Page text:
Different periods of time are critical to different subject areas. From astrophysicists analysing the evolution of the universe over 4.5 billion years ago, through archaeologists studying the dawn of early man nearly 300,000 years past, to television engineers who focus on the implication of events that occur in the blink of an eye down to millisecond resolution. In video, time matters.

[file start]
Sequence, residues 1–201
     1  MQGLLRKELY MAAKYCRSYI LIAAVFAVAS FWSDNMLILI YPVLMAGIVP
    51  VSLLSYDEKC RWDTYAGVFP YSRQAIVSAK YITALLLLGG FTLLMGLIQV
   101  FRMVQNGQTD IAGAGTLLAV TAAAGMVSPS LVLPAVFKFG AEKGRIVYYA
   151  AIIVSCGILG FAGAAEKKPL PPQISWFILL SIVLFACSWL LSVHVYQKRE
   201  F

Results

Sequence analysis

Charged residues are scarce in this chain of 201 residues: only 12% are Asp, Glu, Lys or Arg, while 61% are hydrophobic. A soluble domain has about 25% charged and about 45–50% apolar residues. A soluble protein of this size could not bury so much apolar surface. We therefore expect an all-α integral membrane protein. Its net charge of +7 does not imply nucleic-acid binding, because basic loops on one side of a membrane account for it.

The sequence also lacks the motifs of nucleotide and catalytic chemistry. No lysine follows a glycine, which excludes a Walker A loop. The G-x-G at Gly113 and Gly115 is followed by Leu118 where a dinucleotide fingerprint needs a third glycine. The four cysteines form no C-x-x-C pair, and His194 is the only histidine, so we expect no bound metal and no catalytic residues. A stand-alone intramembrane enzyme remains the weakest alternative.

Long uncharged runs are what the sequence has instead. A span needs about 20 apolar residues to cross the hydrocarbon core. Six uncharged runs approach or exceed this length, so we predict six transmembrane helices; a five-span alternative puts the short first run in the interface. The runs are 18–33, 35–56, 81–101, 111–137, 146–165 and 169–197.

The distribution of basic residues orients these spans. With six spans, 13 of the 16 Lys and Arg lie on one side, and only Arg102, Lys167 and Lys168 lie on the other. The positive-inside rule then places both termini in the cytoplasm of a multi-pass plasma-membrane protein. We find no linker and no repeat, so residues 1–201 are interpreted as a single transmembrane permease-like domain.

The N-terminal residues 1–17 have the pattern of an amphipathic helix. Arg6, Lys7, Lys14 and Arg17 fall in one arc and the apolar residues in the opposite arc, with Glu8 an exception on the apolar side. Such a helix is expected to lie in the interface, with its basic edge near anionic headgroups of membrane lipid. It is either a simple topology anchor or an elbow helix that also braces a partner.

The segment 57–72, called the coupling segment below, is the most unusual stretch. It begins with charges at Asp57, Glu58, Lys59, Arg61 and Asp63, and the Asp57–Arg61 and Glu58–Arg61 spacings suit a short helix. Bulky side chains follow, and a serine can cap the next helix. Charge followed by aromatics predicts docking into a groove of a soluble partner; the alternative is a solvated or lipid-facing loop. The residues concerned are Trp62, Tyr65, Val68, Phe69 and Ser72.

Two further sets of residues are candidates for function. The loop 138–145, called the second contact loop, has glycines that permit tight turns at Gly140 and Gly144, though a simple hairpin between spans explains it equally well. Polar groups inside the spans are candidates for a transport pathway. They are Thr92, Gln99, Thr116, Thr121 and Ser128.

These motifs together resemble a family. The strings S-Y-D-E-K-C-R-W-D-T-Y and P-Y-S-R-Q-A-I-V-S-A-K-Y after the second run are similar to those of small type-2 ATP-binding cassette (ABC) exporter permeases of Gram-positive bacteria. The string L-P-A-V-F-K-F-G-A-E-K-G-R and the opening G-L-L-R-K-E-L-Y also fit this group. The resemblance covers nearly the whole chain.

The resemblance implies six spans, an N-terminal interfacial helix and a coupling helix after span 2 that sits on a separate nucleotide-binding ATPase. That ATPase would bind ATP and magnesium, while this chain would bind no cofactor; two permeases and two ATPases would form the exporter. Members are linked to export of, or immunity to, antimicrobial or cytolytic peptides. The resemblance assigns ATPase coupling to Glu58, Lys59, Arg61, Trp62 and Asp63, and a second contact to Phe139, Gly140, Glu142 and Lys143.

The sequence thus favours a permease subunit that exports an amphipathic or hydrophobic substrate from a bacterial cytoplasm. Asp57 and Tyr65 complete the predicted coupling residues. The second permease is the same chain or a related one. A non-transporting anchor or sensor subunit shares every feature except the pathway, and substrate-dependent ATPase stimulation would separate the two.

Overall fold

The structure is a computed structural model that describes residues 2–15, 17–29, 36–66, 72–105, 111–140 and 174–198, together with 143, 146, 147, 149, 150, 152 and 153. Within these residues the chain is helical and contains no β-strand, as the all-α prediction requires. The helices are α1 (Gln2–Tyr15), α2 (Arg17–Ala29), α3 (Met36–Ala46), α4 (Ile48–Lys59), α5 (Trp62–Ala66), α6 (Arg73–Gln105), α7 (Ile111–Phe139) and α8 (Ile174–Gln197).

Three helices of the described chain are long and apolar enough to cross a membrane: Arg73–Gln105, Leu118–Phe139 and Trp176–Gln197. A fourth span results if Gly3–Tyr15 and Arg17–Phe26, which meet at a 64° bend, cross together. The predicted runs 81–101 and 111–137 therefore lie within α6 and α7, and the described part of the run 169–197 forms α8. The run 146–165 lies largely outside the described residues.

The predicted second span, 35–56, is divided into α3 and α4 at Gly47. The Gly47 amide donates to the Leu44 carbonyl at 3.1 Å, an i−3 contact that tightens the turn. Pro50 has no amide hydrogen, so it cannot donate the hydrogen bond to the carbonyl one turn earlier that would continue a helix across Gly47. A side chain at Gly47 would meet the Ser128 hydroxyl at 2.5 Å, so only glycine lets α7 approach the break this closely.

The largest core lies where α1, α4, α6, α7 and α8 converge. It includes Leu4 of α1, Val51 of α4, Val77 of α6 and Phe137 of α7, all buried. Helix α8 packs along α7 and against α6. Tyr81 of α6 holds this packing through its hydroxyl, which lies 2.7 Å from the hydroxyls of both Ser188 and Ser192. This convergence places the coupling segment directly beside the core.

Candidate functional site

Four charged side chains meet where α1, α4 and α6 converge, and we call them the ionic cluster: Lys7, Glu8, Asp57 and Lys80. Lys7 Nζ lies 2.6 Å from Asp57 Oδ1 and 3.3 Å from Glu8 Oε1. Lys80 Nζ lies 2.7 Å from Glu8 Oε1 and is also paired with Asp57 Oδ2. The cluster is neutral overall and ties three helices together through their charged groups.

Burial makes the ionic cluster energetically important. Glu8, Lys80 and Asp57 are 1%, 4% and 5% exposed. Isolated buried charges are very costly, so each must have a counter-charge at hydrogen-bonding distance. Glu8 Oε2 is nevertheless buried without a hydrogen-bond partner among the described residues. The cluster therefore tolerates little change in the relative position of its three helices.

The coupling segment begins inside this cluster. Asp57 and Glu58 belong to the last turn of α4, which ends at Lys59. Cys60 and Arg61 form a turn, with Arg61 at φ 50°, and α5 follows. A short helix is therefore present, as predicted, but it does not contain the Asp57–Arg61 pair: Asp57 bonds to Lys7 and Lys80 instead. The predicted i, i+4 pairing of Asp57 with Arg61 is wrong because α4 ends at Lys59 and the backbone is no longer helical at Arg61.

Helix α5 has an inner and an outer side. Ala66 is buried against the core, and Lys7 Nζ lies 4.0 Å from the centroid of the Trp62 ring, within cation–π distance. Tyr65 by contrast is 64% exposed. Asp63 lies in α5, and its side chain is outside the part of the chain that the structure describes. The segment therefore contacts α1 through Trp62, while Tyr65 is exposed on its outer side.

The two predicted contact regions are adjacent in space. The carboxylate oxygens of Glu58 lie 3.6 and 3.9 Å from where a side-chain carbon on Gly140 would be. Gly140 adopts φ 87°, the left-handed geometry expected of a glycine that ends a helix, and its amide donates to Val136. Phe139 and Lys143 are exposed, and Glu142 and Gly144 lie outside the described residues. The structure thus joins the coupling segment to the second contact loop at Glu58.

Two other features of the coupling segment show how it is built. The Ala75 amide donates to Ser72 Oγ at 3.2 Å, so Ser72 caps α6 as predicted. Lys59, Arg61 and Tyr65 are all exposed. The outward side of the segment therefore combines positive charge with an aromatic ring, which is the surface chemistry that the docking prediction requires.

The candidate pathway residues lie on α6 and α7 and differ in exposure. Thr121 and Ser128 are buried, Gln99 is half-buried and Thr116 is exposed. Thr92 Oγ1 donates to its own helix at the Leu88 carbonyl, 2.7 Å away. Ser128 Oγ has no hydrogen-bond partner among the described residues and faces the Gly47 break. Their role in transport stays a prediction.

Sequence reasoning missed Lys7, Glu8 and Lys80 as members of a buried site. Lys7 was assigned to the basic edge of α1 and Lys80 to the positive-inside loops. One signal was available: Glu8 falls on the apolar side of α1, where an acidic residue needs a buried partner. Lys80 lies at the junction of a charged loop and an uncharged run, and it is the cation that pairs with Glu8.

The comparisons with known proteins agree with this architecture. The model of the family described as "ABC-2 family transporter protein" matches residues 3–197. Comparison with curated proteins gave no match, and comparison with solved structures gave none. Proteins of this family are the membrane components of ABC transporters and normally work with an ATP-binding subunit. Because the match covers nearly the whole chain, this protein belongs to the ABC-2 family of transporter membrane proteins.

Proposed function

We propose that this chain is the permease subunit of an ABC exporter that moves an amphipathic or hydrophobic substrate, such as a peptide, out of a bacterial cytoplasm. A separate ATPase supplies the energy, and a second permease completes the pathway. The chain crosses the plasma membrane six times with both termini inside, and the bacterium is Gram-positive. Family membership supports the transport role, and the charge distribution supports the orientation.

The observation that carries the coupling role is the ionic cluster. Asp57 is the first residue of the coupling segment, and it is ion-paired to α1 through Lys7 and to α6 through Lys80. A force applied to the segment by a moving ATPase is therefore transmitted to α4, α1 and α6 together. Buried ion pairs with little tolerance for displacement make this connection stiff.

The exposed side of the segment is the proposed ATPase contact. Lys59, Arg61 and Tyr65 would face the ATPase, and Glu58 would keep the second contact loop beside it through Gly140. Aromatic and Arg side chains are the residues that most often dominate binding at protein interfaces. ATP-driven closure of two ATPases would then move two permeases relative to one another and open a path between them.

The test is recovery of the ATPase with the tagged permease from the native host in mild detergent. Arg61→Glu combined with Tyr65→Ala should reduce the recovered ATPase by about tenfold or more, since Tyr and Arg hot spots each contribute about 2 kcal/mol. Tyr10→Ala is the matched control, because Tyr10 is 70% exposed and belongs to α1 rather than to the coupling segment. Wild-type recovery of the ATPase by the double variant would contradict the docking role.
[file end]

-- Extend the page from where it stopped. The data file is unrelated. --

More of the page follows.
In bringing a televised event to a consumer, video content passes through many processing stages and within each stage the processing takes time to complete. There can often be latencies of up to 0.5 seconds getting content out of a major outside broadcast back into the studio and frequently additional delays of over 3 seconds in delivering that content to home consumer linear broadcast TV platforms. These latencies can be critical – a major event such as an Olympic 100m final could be nearly over in the stadium before a viewer has seen the start! The situation is considerably worse for many live streamed services which can suffer over 1-minute time lag compared to traditional broadcast platforms. Indeed, because viewers naturally gravitate towards platforms that show the content first, some operators choose to trade-off video quality in favour of latency reductions to win the ratings battle.